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Arab Film Festival a window into region’s ‘real life’

By Muath Freij - Sep 06,2018 - Last updated at Sep 06,2018

AMMAN — While organising the annual Arab Film Festival in Amman, the Royal Film Commission-Jordan (RFC) sought to prove that cinema is not a matter of luxury, but rather helps sending a message and constitutes a soft force to combat extremism, RFC Project Manager Shadi Nimri said. 

During the opening of the festival at the RFC premises on Tuesday, Nimri noted that the Arab world is "abundant" with stories due to the ongoing events unfolding in the region.  

“This is the eighth edition of the festival, which highlights how successful the festival is. We always present very carefully chosen movies that achieved great success in international festivals.  And these movies also help in interacting with the real life inside the region,” he told The Jordan Times ahead of the screening of the first movie. 

A total of seven movies will be shown during the festival, coming from Tunisia, Syria, Palestine, Egypt, Algeria, Lebanon and Morocco. 

The Jordanian leading actress and film producer of "The Guest: Aleppo – Istanbul" movie, Saba Mubarak, is also expected to attend the screening of her movie on Tuesday and discuss with the audience.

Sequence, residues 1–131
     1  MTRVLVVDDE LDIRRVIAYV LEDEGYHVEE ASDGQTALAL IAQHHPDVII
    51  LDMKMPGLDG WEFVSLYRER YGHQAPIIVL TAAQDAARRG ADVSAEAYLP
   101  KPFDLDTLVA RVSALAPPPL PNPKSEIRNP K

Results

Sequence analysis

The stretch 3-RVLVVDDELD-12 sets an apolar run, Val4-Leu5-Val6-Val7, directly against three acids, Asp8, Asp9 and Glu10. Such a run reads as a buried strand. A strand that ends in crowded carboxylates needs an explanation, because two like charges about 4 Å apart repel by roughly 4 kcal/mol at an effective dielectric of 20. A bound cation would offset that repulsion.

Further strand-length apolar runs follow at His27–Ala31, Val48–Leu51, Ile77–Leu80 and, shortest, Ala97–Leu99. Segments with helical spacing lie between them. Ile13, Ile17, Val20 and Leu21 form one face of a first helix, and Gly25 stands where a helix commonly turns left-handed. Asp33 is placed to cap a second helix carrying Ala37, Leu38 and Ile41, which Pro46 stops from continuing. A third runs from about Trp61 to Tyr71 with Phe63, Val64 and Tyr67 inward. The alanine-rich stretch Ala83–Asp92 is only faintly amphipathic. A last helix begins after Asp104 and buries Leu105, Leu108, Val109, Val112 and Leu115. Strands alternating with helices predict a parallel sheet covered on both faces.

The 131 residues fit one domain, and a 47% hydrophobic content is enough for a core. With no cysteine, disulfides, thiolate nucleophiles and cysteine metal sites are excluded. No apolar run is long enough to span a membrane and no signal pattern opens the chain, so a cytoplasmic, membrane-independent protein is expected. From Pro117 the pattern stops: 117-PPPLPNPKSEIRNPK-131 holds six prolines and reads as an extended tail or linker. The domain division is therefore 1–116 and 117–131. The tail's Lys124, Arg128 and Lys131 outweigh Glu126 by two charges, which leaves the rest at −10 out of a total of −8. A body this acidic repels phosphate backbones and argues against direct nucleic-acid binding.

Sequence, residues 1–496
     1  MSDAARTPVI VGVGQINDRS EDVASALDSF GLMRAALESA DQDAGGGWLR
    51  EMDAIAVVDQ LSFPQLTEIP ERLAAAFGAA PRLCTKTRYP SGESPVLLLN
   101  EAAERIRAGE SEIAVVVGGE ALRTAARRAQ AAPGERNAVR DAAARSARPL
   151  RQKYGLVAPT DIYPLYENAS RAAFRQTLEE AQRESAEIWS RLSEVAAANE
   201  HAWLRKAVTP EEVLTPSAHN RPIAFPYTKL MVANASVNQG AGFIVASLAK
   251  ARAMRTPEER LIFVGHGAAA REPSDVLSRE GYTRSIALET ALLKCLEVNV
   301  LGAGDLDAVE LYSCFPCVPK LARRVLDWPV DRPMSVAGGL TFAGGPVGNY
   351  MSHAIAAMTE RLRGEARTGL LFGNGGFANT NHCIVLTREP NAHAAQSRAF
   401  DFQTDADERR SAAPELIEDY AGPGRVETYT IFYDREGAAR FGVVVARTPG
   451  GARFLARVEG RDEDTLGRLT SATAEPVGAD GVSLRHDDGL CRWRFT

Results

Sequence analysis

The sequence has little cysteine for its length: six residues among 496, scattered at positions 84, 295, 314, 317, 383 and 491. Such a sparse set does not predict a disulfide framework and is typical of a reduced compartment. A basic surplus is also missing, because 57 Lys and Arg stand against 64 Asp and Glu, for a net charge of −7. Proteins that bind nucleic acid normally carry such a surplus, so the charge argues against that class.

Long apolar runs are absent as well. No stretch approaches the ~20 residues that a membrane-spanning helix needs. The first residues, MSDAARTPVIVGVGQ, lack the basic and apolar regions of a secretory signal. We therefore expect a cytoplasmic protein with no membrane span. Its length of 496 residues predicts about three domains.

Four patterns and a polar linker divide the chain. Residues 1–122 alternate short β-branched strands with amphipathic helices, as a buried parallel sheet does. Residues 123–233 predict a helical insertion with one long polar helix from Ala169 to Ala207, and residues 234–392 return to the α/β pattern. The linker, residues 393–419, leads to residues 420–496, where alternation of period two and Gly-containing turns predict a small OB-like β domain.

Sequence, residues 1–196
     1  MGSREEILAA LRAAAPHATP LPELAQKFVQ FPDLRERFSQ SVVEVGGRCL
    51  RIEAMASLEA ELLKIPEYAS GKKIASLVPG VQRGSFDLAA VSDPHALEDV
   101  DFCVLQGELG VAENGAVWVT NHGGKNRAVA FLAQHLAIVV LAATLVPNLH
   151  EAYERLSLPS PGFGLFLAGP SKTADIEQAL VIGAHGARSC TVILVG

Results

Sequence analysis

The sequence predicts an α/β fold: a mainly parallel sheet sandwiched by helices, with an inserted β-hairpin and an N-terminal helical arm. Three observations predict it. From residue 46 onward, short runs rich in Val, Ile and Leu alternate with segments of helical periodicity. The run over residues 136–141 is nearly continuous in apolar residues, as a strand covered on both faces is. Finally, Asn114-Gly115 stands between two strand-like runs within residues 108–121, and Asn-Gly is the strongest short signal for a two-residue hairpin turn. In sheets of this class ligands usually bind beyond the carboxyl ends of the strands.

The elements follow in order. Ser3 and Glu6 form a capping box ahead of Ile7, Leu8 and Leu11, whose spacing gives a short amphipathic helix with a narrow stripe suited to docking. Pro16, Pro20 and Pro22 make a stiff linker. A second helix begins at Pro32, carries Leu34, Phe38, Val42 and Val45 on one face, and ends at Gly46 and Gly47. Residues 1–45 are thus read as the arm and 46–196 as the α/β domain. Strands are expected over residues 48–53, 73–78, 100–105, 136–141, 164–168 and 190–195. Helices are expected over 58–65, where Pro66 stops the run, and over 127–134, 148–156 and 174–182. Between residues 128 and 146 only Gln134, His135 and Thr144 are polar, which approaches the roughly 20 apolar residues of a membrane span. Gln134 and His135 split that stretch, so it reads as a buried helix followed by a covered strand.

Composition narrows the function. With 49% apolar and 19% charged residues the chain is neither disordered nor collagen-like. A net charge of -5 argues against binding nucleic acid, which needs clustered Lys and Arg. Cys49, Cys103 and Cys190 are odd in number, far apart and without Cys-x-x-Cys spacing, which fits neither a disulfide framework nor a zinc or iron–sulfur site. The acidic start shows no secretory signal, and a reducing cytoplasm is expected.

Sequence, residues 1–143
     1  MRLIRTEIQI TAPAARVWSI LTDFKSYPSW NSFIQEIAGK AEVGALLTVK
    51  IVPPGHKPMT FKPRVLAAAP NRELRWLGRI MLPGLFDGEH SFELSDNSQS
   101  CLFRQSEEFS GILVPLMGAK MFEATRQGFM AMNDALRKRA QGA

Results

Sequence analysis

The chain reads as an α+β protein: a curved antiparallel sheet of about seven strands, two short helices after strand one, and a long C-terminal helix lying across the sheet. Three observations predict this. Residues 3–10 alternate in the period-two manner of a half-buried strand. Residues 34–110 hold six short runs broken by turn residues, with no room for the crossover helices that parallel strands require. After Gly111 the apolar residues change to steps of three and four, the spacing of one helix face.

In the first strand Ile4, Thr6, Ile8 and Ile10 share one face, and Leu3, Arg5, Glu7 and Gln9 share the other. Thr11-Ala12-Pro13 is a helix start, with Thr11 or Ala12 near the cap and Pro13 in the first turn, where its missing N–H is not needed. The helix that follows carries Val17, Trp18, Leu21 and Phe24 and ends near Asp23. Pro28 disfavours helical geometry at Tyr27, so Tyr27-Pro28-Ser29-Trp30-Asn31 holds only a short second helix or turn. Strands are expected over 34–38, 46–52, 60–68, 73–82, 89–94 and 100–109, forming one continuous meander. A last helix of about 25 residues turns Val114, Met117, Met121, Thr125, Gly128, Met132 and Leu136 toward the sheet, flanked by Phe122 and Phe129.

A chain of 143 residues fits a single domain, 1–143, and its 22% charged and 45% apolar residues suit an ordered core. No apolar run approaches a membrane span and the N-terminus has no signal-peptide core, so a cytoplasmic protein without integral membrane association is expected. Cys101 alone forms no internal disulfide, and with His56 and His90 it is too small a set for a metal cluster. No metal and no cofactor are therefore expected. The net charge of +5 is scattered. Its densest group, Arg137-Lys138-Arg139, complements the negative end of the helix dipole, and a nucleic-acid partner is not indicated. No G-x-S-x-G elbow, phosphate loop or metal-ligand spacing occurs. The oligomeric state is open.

“The most important thing is that we are trying to build a bridge between the audience and these incidents in the Arab World,” Nimri explained, noting that even though all the movies are award-winning productions, it is not a festival reflecting competition or awards. 

“It is a matter of screening the best productions in the Arab World. We also bring in directors to make the audience interact with the screenings,” the RFC official stated. 

For her part, Minister of Culture Basmah Nsour described Amman as "a meeting place" for cinematic experiences in the world. 

“The most important thing is that we will deal with deep experiences from young people. It is important for the Jordanian audience to have a look at these works, especially for aspiring filmmakers,” she told The Jordan Times in an interview.

Meanwhile, Fares Jabari, a member of audience, said that Arab filmmakers might have stories that are even more interesting than Hollywood can offer. 

“I study how to write scripts in cinema so it will be important for me to learn from these screenings,” he commented.

Ibrahim Bytar, another audience member, said these screenings stand as "a window into the Arab world’s different cultures, problems and their solutions". 

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